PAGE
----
Posted By : manager

Posted : February 25, 2022

By: Mike Thomas

Each Confederate Brigade, Division, or Corps had an assigned staff formed by appointments from the various offices in the War Department. Generals commanding these units had little to say about who served on the team since it belonged to the unit he commanded, not to him. The lone exception was the Aide-de-Camp {ADC} who was appointed by and served at the pleasure of the general. An ADC received the rank of 1st Lieutenant and served as the most junior officer on staff, knowing there were no provisions for promotion. His duties were whatever the general assigned him. If the general died, resigned, or lost his command, the ADC was immediately off staff and subject to conscription unless another position could be quickly found.

Generals invariably selected a relative or close friend, someone they had complete trust in, as their ADC. South Carolina’s generals followed this pattern. M. C. Butler and Wade Hampton appointed their brothers. Micah Jenkins selected a brother-in-law. Stephen Elliott selected a close friend who served as a sergeant for over two years in his artillery battery.
General P.G.T. Beauregard broke from this pattern by appointing South Carolinian, Beaufort native Alexander R. Chisolm as his ADC. The men first met only in February 1861 at Charleston when Chisolm, a civilian, was selected by Governor Pickens to assist in the erection of emplacements at Cummings Point on Morris Island. However, Beauregard was so im-pressed with Chisolm that he appointed him as his ADC a month later, thus forging a friendship and professional relationship unmatched anywhere in the army.
Lt. Chisolm was present when Fort Sumter was captured in April 1861. Beauregard’s complete trust in him from the earliest days is shown by being selected as one of the three officers sent to Sumter by Beauregard asking for its surrender before it was fired on. Educated and articulate, he often served as Beauregard’s personal emissary and efficiently handled assignments usually reserved for officers of higher rank when necessary. Trustworthy, diligent, and competent in all he was as-signed, Chisolm became Beauregard’s “confidential friend” as well as a valued staff member.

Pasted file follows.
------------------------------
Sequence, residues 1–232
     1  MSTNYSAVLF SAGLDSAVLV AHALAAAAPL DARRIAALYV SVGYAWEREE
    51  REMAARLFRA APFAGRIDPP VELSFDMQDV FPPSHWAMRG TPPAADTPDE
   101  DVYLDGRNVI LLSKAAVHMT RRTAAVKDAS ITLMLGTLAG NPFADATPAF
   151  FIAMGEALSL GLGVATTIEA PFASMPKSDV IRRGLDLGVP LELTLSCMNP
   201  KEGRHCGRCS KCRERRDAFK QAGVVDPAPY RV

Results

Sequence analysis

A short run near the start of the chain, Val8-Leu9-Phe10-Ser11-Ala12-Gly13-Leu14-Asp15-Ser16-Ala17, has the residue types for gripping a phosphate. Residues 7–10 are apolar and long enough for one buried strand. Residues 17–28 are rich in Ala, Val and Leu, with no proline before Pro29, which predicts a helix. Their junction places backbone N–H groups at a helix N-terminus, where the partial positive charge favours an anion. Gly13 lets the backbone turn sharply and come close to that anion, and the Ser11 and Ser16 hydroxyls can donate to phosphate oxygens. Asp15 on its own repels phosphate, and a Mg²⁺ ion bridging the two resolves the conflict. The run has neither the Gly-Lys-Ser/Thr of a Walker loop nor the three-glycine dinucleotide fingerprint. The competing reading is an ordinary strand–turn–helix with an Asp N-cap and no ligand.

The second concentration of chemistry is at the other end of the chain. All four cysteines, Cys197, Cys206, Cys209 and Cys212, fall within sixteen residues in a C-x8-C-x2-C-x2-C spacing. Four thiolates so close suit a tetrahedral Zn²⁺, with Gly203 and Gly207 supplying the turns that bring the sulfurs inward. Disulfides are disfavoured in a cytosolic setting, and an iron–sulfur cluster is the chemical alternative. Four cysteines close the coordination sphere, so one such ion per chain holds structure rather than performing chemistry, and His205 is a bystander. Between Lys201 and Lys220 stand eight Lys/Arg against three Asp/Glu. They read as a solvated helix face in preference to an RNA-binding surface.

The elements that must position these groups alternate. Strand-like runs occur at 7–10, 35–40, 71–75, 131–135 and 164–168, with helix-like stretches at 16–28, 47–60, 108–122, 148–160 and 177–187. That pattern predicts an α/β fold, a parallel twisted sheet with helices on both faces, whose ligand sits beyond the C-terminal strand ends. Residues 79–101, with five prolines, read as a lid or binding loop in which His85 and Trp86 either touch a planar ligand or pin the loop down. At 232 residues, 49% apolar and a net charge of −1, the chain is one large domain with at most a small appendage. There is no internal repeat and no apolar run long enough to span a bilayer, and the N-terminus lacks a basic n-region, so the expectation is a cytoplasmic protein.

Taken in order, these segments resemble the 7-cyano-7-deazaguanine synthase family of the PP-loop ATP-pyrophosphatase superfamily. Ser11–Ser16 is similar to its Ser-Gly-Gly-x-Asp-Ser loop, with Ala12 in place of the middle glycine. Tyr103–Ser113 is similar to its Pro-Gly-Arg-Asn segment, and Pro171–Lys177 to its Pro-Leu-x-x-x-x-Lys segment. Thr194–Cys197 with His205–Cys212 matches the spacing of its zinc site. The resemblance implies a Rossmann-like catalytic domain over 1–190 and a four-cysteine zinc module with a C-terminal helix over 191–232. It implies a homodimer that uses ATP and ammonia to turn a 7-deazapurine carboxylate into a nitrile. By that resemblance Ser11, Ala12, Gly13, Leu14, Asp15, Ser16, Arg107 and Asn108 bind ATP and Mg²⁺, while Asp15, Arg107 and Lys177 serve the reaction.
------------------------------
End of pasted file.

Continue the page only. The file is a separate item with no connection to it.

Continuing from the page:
Lt. Chisolm followed Beauregard to his various posts. At 1st Manassas, while acting as a courier, Chisolm found himself deeply involved with the battle. He rallied panicked soldiers and got them reorganized as an effective command at one point. He also, without orders, served as a battlefield guide for arriving forces that day. He was at Shiloh, the siege of Charleston, Petersburg, and the Carolinas campaign. In early 1865, Beauregard asked the War Department to promote Chisolm to Major, an unprecedented request for an ADC. President Jefferson Davis gave a positive endorsement, but the war ended before the promotion was implemented.

Most staff officers served with a particular general just a year or two. Lt. Chisolm served as Beauregard’s ADC from 12 March 1861 to his parole at Greensboro on 1 May 1865, a period of nearly fifty consecutive months. This South Carolinian was the most senior Lieutenant and ADC in the entire army. No other staff officer in the army had such tenure.

Notify of

Inline Feedbacks
View all comments

Any Questions?
Join our Newsletter

Previous Next
Test Caption
Test Description goes like this